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What Language Do You Preach In?

PreachingI preach in English, because it’s all I know. I took Spanish in college, but sat next to my wife and stayed distracted the whole semester – wound up with a C. But I’m not really getting at language in the sense of nationalities or tribal traditions. What I want to know is, do you speak human?

One of my least favorite kinds of sermons to listen to is those that are preached in a preacher’s language. I refer to them as being “preacherly.” Here’s the problem. Nobody talks like that. You don’t scream your order at the waitress in a restaurant. You don’t say “I submit to you that it’s hot outside today.”

I like good oratory, but sometimes it gets in the way. It keeps people from hearing. If you became a missionary to South America, you’d learn Spanish or Portugese. If you went to Russia, you’d learn Russian. So why, when preaching to an American culture (or whatever your culture is) do we not speak in the language of American culture?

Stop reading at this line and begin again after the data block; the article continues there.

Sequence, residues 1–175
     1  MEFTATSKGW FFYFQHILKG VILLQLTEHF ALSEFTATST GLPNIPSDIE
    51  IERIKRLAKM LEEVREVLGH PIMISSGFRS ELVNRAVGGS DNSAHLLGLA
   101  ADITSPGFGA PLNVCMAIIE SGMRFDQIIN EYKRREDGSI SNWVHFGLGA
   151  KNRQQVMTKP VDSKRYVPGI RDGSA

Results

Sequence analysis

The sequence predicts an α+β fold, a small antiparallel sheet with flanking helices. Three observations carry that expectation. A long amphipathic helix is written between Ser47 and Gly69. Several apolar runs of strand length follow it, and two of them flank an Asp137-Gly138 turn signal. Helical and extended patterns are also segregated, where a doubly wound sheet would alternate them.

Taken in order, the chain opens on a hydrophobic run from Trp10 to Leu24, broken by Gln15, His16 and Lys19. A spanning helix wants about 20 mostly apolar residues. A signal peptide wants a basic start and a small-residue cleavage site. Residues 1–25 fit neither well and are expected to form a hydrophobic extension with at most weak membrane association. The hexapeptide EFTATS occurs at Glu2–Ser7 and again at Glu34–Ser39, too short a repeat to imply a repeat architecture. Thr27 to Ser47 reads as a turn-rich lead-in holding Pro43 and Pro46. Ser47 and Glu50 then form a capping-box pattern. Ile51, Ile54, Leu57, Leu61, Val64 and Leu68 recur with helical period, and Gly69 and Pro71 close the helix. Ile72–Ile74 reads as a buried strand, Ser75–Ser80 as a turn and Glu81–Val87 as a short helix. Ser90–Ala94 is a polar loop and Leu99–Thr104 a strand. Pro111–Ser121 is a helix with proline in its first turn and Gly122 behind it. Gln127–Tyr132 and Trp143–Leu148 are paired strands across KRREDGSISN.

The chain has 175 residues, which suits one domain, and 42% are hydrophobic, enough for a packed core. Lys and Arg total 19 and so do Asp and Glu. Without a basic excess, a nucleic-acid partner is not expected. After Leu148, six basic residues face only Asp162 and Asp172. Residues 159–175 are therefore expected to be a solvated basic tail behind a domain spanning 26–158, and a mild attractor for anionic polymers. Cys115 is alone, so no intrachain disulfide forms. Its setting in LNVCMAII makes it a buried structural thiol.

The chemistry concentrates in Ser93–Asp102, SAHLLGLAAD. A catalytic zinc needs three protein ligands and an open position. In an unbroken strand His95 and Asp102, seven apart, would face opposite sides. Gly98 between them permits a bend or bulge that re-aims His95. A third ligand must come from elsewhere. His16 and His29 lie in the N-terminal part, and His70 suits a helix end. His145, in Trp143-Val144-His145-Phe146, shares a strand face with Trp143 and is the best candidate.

Being “preacherly” won’t impress anybody but other preachers, and speaking “ministerially” won’t convince the naysayers. But sitting down to teach them, in everyday language, like Jesus did, might just be a great way of communicating biblical truth. Watch your language.

Creative Commons License photo credit: snappybex

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  1. Hey Brandon! Great thought-provoking post! I would submit to you that there is a portion of my being that agrees with you and another that is at odds with you. However, my tendency is to believe that the foundation of your premise is that we are to speak in the dialect of those in a specific audience, whomever they may be. In that vain, I concur. It is quite feasible, though, to also believe that some audiences relate to and even engage such preaching as you have described above. Therefore, in conclusion, as my time and space are running out, I would postulate that it is quite appropriate in some cases to “preach” and in other instances to “teach,” depending on the audience. What say you?

  2. Brandon – you hit on a great point here – thanks for sharing it and making me think. You reminded me of this this: I love when I here other Pastors or just anyone who are talks to you normally, in normal everyday English, and then when they pray the go back to the 1600’s and pray in the King’s English. I had it even happen with a pretty contemporary guy who preached a great message in “normal” English but the message had at the front end and back end prayers with thee’s, thou’s, and other words from the 1600’s.

    Again – thanks for sharing making me think.

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